As a real estate professional, staying tethered to your phone and computer are likely par for the course. When your office is on-the-go and you’re fielding round-the-clock questions from clients, it’s only natural that you’ll be drawn to your phone for professional updates. From refreshing your inbox and engaging with clients on social media, to drafting email blasts and coordinating with colleagues by text message—it can feel impossible to untangle yourself from the worldwide web.
As a professional, you may not be able to withdraw from the digital world completely, but there are a few techniques you can use to limit your extraneous digital distractions and streamline the time you spend online. After all, it’s entirely common to faithfully begin one task and then get unexpectedly drawn down the digital rabbit hole. To save yourself time and virtual burnout, here are a few ways to unplug, recharge, and make the most of your time online and off.
- Focus on one digital task at a time.
While multi-tasking may seem like a sound approach to productivity, this method usually results in surface-level progress across a few tasks, rather than reaching the finish line on any. Instead of opening multiple tabs and trying to do it all at once, hone in on one digital task at a time. Have emails to return? Allocate an hour to work exclusively on this to-do list item. Need to post a new blog entry? Pencil in a dedicated half hour. If you focus on one task a time and exclusively devote your energy and productivity to it for a set period, you’ll make a far bigger dent in your list of duties for the day.
- Give yourself a curfew.
In the real estate business, the hours may seem never-ending, but if you don’t want to slow your productivity with fatigue, you’ve got to set some boundaries. Try setting up a digital curfew for yourself and put your phone away after a certain hour. Devote an hour or two before bedtime to time away from your computer and your phone—read a book, prep your lunch for the next day, or try a round of mindful meditation. Carve out space and time to disconnect from your technology and stick to the habit. By morning, you’ll be refreshed and ready to dive back in.
- Mute social media notifications and create dedicated check-in times instead.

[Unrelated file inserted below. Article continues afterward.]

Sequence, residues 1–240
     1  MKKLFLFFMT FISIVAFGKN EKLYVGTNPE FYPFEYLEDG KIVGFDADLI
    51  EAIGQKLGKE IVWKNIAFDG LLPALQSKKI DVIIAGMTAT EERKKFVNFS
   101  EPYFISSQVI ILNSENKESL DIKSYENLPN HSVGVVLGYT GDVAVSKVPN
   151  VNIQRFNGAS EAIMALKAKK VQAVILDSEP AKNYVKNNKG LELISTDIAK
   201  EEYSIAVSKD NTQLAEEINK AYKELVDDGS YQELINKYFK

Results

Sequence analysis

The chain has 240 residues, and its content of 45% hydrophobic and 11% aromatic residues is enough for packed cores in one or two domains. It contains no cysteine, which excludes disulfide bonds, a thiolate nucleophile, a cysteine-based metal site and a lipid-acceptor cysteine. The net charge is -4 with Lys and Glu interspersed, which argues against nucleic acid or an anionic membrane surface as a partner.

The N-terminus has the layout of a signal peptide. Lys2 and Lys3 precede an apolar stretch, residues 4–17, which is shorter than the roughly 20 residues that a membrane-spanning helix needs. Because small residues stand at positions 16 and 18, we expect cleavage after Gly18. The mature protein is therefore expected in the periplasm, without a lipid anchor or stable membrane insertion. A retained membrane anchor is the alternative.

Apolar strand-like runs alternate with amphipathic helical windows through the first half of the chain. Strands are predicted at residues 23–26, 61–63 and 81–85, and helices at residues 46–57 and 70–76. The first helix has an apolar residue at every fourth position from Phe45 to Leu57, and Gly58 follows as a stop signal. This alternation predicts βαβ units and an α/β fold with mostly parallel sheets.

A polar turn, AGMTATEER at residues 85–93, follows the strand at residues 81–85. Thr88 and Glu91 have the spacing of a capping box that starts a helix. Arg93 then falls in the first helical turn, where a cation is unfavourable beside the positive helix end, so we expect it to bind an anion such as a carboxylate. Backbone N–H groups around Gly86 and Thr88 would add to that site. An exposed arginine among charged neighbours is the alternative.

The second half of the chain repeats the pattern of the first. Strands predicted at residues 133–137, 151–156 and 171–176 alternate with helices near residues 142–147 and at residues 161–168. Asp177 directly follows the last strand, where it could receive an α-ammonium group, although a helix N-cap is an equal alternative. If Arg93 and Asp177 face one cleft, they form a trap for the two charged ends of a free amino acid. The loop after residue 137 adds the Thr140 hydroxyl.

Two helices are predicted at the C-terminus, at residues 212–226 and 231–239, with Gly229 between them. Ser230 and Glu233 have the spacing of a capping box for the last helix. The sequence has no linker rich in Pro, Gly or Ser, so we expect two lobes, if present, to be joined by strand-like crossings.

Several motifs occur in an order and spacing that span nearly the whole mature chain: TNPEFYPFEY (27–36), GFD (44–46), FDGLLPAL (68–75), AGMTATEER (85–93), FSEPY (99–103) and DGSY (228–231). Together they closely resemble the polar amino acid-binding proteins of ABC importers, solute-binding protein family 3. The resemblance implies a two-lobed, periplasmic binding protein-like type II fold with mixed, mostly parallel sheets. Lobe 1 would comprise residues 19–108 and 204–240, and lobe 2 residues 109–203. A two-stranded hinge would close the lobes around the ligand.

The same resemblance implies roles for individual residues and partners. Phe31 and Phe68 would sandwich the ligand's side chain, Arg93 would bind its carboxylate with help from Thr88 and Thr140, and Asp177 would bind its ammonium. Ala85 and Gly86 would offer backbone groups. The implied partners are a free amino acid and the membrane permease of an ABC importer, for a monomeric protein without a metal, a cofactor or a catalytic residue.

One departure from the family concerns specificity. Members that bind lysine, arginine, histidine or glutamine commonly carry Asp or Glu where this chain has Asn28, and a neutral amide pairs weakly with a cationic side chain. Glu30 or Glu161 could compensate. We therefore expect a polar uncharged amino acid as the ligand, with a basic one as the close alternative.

Instead of taking a reactionary approach to social media—waiting for the dings and pings that lure you back to your screen—try muting some of your social media alerts and instead dedicate three timed windows per day to check-in on your timelines and engagement. If you’re constantly interrupted at unexpected intervals when someone likes a post or leaves a comment, your whole workflow can be derailed. Instead, unchain yourself from the instant gratification of responding to every buzz and beep your phone emits. Systematize your professional social media life and you’ll stay organized and on task.
- Keep your inbox organized.
While it may take some time and effort to create a sorting system for your email inbox, it can go a long way to limiting distractions and stress. Create folders and an organizational flow and every communication will have a place and a priority. That way, when you open up your inbox and have to go digging for old emails or exchanges with past clients, you won’t have to waste time sorting or feel overwhelmed by the clutter. If everything has its place, you’ll have an unobstructed, streamlined canvass to conduct business from.
Digital distractions don’t have to derail your day or sap your productivity. Email, internet, social media—all are tools to be commanded. With the right planning, understanding, and consistent execution, you’ll be able to wield the power of each without the downside of distraction.